“I’m extremely humbled by receiving this award,” Frierson said. “I will continue to use my platform to continue to work toward health equity for all serving all persons regardless of sexual orientation, gender, race, and/or socioeconomic status.”
Alexander Roque, the president and executive director of the Ali Forney Center, which serves homeless LGBTQ youth, pointed to the urgent need to uplift homeless LGBTQ youth.
“The work we do at the Ali Forney Center every year is to protect young people from the harms of homelessness… lesbian, gay, bisexual, transgender, queer, or questioning youth who are thrown out into the streets simply because of who they are,” Roque said. “Being honored and sharing the stage with so many amazing leaders and individuals helps to elevate those stories, our voices, and the important work that we do.”
Troy Blackwell, an LGBTQ advocate and director of Ready for Change, a political action committee, used his time at the podium to emphasize the importance of registering to vote. He also echoed Roque’s comments in bringing attention to homelessness among LGBTQ youth.
“Of the homeless population in the United States, 40 percent are LGBTQ youth. That is something that can no longer go on,” Blackwell said. “Please find ways to get involved and help the community.”
Tarik Carroll, the director of The EveryMan Project, an organization that empowers cis and trans men through body positivity, praised Amida Care, a non-profit community health plan serving many New Yorkers living with HIV/AIDS, for backing the group’s efforts.
“I am immensely grateful to be honored at this year’s Gay City News Impact Awards,” Carroll said.
The award ceremony also spotlighted legendary drag kid and LGBTQ advocate Desmond is Amazing, who received the Inspiring Leadership Award, presented by Breed Evolution Corp. While accepting the award, Desmond offered a message of hope for the audience.
“I do love being a leader and leading other people to be authentic and to be their true selves,” Desmond Is Amazing said. “Be yourself always no matter what anyone says and pay the haters no mind because they will never be as fierce as you and I.”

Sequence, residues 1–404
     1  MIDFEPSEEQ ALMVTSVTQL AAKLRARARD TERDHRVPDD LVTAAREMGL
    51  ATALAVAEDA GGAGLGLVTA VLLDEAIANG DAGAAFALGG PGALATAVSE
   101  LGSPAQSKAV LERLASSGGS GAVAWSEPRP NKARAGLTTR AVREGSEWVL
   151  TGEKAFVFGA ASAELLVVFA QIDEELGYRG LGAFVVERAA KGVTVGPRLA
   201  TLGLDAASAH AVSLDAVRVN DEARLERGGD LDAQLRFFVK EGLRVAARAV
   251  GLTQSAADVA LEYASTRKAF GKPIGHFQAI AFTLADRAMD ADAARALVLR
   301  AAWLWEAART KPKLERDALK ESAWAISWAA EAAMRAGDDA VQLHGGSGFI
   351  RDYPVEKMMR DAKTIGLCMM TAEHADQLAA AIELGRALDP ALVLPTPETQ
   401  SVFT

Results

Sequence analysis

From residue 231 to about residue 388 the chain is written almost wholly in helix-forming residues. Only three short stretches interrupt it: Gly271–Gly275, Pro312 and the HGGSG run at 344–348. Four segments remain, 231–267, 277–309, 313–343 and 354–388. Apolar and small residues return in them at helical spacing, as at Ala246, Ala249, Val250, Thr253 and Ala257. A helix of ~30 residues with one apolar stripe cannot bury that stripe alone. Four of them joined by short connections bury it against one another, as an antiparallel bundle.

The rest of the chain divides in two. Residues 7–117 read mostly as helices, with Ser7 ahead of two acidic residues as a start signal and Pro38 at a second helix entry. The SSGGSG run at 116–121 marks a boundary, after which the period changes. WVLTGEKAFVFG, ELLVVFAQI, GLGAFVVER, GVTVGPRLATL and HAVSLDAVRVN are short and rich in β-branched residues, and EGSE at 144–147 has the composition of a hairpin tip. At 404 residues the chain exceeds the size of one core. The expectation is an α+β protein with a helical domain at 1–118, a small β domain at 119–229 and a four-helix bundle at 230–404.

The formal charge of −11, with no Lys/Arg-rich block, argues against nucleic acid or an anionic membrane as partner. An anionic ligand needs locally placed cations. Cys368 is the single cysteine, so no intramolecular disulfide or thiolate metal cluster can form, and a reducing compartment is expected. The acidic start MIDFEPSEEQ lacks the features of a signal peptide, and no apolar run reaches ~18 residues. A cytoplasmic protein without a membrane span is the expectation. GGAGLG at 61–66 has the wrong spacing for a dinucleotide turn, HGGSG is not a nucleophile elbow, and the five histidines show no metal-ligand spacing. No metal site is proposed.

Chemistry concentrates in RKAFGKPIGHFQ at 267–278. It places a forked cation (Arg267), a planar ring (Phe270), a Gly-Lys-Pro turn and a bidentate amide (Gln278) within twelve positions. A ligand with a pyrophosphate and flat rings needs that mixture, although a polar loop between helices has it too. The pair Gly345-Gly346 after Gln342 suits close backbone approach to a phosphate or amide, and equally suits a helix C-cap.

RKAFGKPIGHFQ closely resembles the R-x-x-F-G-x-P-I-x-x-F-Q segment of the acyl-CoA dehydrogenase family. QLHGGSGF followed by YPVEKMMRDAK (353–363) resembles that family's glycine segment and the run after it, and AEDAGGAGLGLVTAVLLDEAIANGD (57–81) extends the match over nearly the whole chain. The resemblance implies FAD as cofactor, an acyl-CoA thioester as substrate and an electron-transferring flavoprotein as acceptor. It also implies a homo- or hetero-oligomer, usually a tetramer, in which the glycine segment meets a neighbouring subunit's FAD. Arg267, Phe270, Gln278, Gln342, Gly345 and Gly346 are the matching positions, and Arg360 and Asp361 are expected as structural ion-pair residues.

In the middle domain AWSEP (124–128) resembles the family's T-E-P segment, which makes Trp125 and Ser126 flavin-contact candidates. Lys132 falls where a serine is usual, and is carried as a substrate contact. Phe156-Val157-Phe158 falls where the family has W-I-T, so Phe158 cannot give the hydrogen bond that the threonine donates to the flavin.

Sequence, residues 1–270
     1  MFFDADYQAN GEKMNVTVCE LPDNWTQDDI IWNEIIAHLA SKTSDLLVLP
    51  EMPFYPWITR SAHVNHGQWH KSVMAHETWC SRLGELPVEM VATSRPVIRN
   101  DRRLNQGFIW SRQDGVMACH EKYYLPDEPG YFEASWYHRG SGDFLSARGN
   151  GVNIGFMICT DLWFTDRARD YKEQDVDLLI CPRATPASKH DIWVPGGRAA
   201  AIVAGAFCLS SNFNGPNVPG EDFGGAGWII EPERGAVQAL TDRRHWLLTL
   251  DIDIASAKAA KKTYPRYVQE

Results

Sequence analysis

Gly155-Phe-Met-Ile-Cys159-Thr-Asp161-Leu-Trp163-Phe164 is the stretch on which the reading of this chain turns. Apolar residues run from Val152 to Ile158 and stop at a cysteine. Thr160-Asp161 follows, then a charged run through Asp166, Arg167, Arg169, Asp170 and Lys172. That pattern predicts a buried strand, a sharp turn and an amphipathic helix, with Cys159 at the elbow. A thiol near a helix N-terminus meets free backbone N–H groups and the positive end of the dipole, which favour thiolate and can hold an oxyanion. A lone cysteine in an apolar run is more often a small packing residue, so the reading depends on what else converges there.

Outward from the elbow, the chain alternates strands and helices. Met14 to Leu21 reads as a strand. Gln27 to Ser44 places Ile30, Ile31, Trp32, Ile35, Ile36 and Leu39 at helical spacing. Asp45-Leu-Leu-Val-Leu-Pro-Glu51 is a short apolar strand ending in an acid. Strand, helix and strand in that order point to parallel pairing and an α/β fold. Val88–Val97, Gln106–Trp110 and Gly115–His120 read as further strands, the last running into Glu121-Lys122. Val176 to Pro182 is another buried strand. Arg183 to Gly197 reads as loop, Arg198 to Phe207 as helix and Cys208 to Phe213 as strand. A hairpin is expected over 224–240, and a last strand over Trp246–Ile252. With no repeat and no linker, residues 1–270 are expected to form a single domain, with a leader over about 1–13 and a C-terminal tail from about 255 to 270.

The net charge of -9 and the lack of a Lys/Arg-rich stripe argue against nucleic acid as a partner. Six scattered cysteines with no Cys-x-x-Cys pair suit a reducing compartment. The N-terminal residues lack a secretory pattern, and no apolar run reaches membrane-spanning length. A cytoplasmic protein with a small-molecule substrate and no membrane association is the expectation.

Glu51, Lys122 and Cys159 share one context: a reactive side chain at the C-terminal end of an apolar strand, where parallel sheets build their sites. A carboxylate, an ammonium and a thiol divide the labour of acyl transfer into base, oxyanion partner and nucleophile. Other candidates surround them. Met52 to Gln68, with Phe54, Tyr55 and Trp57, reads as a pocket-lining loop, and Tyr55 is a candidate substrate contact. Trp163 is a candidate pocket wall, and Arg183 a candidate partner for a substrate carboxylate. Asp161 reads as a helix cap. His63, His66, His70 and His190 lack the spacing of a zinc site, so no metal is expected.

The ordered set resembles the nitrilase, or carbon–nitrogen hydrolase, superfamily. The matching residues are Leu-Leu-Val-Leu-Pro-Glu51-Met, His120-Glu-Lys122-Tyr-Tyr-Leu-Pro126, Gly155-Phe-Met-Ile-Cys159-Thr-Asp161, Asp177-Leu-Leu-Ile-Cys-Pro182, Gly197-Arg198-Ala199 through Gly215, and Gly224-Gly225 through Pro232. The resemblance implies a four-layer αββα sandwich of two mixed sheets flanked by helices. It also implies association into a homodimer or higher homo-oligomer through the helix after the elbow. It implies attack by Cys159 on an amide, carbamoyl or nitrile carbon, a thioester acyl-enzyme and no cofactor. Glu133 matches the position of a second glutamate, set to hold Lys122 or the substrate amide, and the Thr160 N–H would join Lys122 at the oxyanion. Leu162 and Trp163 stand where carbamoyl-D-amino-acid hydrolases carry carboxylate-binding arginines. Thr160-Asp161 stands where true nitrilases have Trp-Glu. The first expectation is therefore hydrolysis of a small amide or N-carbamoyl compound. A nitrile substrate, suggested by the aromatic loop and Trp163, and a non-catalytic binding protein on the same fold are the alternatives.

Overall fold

Friend’s Tavern co-owners Eduardo “Eddie” Valentin and Casimiro Villa were the recipients of the Small Business Award, presented by TD Bank.
The evening’s presenters included Todd Canning, who is the director of Clinical Services for the Partnership In Care Program at MetroPlus Health, and Steven Garibell, a vice president at TD Bank.
To cap off the evening, Gay City News honored Identity House co-founder Lee Zevy with the Lifetime Achievement Award, presented by MetroPlus Health. Through her work with Identity House, which provides volunteer counseling to LGBTQ adults, has dedicated much of her life to providing free mental health services to the LGBTQ community.
“This [award] not only honors me, but the organization Identity House, the little non-profit that could,” she said. “We couldn’t have dreamed in 1971 that we would reach our 50th anniversary this year, where volunteer peer counselors and psychotherapists spend countless hours to provide mental health services to the gay and lesbian community, the LGBTQ+ now.”
Looking back on her career, Zevy says the award is not only a testament to her work, but the contributions of others who often go unrecognized for their impact on the LGBTQ community and society at large.
“We are the silent activists, and I’m so pleased to accept this award for all,” she said.
Below is the full video of our virtual Impact Awards event, followed by pictures from our cocktail event in October. Read honoree bios here.